The District Magistrate of Faridpur, who was also required by the higher authorities to conduct another inquiry into the factors responsible for the widespread Chandal strike, bemoaned that “this unfortunate race (Chandals), generally despised”, comprised “a hardworking, patient, uncom-plaining people with none to say a good word for them”. They were, he further noted, “handi-craftsman, operative, the fisherman, and the cultivator working as boat builders, carpenters, fishermen, and watermen generally and in all trades they excel, being strong, able-bodied, patient and painstaking”. This was a strike of such a body of men, who merited to be counted as valuable human resources for any society in any clime, and yet were subjected to unbridled hatred. Nonetheless, the Chandals, noted the Magistrate, were “abused and ill-used”. The impact assessment by the Magistrate, though cryptic, is self-explanatory: “a large body of Hindus and Mohammedans came up to complain to me of the ruinous effects to them arising out of the action of the Chandals”.4 (Italicised by this writer) The overall assessment was yet to be attempted.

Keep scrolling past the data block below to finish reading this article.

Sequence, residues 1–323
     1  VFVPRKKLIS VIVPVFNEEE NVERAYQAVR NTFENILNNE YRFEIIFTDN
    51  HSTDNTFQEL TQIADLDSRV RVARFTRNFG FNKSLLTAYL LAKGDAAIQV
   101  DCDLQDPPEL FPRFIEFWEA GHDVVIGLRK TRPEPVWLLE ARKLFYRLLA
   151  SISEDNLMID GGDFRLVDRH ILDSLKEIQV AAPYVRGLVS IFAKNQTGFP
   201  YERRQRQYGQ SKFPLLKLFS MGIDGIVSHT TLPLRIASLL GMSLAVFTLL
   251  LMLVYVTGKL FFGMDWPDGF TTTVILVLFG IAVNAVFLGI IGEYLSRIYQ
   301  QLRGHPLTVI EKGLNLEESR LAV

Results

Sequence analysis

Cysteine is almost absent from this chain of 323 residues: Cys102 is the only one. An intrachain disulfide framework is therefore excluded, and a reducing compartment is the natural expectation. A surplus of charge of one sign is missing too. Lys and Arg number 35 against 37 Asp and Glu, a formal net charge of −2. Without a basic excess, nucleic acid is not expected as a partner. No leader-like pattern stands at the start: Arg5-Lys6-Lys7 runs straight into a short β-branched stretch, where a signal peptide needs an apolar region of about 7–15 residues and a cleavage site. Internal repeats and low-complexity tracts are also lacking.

Their peaceful strike and passive resistance had hit their oppressors though the techniques the Chandals adopted seemed yet unknown to mankind. The apostle of peace and non-violence, Mohandas Karamchand Gandhi, was born barely three years ago. The word ‘boycott’ entered into the English lexicon seven years later in 1880. Twentyone years after the unique Chandal revolt, in 1894 Leo Tolstoy enunciated and published the noble concept of non-violence in his outstanding work, The Kingdom of God is Within You, that shaped Gandhi’s ideas and principles of satyagraha. In 1860 John Ruskin wrote Unto This Last which Gandhi read in 1904. It may be preposterous to believe that the illiterate Chandals were influenced and inspired by any of these great writers and philosophers in resorting to a peaceful and non-violent strike in 1873 against the Bengali upper-caste Hindus.
The MLCs who voted for Dr Ambedkar were as follows—
1. Jogendra Nath Mandal (Namasudra), Barisal, Scheduled Caste Federation,
2. Mukund Behari Mallick (Namasudra), Indepen-dent, Khulna,
3. Dwarikanath Baruri (Namasudra), Congress, Faridpur,
4. Gayanath Biswas (Namasudra), Congress, Tangail,
5. Nagendra Narayan Ray (Rajbanshi), Indepen-dent, Rangpur
6. Kshetranath Singha (Rajbanshi), Congress, Rangpur; and
7. Bir Birsa (Adivasi), Congress, Murshidabad.
While Nagendra Nath Ray and Kshetranath Singha belonged to the great Rajbanshi community and Bir Birsa was a tribal leader, the remaining four were Namasudras. The Muslim League, in coalition with the Scheduled Caste Federation, had extended moral support to Ambedkar in the election. The victory of Ambedkar in the election of 1946 is fully attributable to the unity, fraternity and solidarity subsisting between the Namasudra community and depressed classes of Bengal.